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DRPS : Course Catalogue : School of Philosophy, Psychology and Language Sciences : Lifelong Learning (PPL)

Undergraduate Course: An Introduction to Philosophy (LLLI07002)

Course Outline
SchoolSchool of Philosophy, Psychology and Language Sciences CollegeCollege of Humanities and Social Science
Course typeStandard AvailabilityNot available to visiting students
Credit level (Normal year taken)SCQF Level 7 (Year 1 Undergraduate) Credits10
Home subject areaLifelong Learning (PPL) Other subject areaNone
Course website None Taught in Gaelic?No
Course descriptionThis is a for-credit course offered by the Office of Lifelong Learning (OLL); only students registered with OLL should be enrolled. What can we know? Does God exist? Do I have free will? How should I act? Does life have meaning? This course offers an introduction to the main areas of philosophy through discussion of some of the most interesting questions in each field.
Entry Requirements (not applicable to Visiting Students)
Pre-requisites Co-requisites
Prohibited Combinations Other requirements None
Additional Costs None
Course Delivery Information
Not being delivered
Summary of Intended Learning Outcomes
By the end of this course, students should be able to:
┐ Display familiarity with some key philosophical issues;
┐ Identify the positions of various philosophers on these issues;
┐ Explain the strengths and weaknesses of these positions;
┐ Express an understanding of the nature and value of philosophy.
Assessment Information
Open Studies 10 credit courses have one assessment. Normally, the assessment is a 2000 word essay, worth 100% of the total mark, submitted by week 12. To pass, students must achieve a minimum of 40%. There are a small number of exceptions to this model which are identified in the Studying for Credit Guide.
Special Arrangements
Additional Information
Academic description Not entered
Syllabus Content of course
1. Introduction
What is philosophy? What are its origins? Why do we do it?
2. Epistemology
What is knowledge? What can we know? How do we know things?
3. Philosophy of Mind
What am I? Am I my mind or my body? What ensures my survival over time?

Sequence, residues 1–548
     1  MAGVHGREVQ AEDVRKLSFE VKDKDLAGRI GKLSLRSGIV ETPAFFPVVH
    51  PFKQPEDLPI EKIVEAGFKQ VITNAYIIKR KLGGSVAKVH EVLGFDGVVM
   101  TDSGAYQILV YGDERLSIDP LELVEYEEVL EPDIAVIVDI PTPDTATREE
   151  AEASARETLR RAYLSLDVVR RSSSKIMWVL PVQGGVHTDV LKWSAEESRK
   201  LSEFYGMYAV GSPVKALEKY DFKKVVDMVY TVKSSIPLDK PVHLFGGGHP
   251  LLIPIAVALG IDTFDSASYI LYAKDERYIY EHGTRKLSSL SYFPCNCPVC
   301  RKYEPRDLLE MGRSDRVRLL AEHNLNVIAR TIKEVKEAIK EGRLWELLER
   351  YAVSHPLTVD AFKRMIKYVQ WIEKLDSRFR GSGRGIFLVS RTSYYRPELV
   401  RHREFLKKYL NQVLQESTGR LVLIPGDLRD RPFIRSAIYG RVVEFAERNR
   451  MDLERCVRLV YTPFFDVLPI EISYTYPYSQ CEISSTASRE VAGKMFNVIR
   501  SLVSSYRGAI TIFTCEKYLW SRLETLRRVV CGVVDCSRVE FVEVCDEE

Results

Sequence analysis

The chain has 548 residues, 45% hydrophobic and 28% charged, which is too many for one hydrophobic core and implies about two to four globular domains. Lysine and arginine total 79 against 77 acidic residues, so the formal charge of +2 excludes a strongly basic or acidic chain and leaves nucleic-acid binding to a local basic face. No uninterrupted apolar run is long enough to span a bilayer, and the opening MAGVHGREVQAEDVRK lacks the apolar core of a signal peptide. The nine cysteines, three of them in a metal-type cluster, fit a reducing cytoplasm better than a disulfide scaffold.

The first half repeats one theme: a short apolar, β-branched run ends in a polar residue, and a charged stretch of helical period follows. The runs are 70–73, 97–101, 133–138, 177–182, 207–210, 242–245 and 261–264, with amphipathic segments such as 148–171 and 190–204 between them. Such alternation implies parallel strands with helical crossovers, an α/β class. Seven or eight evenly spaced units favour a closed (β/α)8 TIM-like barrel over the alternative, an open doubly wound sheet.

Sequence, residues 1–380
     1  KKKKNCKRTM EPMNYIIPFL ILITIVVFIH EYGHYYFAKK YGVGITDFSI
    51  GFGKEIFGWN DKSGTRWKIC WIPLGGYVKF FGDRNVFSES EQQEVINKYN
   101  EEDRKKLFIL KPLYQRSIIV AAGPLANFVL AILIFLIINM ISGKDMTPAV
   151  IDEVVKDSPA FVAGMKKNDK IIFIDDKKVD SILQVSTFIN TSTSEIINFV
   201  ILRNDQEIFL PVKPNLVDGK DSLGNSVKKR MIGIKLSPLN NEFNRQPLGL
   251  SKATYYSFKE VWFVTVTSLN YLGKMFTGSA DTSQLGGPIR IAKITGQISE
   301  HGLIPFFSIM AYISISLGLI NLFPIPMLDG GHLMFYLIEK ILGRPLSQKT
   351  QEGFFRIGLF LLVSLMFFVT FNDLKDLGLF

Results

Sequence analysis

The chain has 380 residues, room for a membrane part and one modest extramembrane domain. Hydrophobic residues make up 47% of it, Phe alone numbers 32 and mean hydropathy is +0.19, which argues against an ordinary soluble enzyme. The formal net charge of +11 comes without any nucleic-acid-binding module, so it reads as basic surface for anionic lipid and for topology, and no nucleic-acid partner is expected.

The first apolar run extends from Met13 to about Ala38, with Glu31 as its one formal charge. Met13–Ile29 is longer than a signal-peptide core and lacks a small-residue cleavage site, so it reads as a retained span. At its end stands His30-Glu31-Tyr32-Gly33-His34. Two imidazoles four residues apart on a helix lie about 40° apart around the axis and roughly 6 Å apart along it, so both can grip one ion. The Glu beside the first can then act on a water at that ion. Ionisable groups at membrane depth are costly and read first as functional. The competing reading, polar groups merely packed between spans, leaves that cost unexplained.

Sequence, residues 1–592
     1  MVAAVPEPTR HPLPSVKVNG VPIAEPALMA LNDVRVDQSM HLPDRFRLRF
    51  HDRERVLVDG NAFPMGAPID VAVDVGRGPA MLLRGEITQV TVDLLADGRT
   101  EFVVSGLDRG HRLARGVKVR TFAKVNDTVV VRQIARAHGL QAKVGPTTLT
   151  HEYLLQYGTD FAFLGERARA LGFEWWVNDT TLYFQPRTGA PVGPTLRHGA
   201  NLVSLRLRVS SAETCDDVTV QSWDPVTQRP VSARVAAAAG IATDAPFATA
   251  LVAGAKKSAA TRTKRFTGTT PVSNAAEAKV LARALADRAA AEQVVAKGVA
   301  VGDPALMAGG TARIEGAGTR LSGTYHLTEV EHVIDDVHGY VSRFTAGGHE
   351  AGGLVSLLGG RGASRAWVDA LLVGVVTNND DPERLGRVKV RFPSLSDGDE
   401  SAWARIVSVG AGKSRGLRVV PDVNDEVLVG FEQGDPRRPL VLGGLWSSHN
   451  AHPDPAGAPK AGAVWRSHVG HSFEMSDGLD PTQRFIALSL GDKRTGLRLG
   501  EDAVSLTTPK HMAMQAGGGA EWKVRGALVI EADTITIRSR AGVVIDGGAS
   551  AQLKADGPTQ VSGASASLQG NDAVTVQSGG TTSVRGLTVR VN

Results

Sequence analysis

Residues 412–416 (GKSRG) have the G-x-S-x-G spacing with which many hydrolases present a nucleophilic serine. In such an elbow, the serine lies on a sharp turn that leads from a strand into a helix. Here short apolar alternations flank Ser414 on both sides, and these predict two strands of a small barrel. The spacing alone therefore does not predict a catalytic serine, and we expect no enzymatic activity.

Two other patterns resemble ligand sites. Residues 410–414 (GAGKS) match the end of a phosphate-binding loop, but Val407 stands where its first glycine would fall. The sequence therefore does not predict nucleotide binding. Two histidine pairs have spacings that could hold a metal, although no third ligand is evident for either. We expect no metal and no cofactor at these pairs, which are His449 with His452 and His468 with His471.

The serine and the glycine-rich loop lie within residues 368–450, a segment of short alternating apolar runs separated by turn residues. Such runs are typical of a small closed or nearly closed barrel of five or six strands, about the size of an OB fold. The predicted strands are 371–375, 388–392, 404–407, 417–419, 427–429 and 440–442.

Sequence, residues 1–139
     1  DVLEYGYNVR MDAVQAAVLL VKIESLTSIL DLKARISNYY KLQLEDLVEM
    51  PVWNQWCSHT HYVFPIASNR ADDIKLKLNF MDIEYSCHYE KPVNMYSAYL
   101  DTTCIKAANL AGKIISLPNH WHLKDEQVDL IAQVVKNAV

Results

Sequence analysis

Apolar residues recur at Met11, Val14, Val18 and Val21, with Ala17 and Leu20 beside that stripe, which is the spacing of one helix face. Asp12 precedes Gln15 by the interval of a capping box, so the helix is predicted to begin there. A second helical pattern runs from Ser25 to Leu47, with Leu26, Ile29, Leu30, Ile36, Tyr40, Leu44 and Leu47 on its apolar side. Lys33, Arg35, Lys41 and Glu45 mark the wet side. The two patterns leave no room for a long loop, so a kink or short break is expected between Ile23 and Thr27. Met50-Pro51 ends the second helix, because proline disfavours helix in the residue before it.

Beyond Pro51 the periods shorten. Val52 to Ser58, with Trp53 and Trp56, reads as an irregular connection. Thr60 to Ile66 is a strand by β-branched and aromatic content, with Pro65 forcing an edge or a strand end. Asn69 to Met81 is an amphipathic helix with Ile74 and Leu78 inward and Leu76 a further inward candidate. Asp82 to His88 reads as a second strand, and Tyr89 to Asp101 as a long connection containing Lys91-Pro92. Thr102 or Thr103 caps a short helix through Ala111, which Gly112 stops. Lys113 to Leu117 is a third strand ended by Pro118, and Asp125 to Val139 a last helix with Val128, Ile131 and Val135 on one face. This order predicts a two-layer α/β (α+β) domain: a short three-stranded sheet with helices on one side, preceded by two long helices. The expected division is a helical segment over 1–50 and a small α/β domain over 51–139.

4. Philosophy of Religion
Does God exist? What are the arguments for God┐s existence? How can we account for evil in the world?
5. Metaphysics
Do I have free will? Are all my actions determined by factors outside my control? Am I ever responsible for anything I do?
6. Moral Philosophy
Should we be moral? Is right and wrong relative to culture? How do I know how to act?
7. Applied Ethics
Is abortion wrong? Is there a difference between killing and letting die? Do animals have rights?
8. Political Philosophy
Why do we live in societies? What rights do I have? What are my duties?
9. Aesthetics
What is beauty? Is beauty in the eye of the beholder? What is art?
10. Existentialism
Why are we here? Does life have meaning? How should I live?
Transferable skills Not entered
Reading list Essential reading will be provided on a weekly basis, however, students would do well to avail themselves of a basic introductory text. The following are highly recommended:
Blackburn, S., 1999. Think. Oxford; New York: Oxford University Press.
Nagel, T., 1987. What does it all mean? Oxford; New York: Oxford University Press.
Warburton, N., 2004. Philosophy: the Basics. 4th ed. London: Routledge.
Warburton, N., ed., 2005. Philosophy: Basic Readings. 2nd ed. London: Routledge.
Web sources
James Mooney┐s (course tutor) website: and twitter account: @film_philosophy
Class handouts
Handouts will be provided on a weekly basis.
Study Abroad Not entered
Study Pattern Combination of lectures and discussion.
KeywordsNot entered
Course organiserMr James Mooney
Tel: (0131 6)50 3077
Course secretaryMrs Diane Mcmillan
Tel: (0131 6)50 6912
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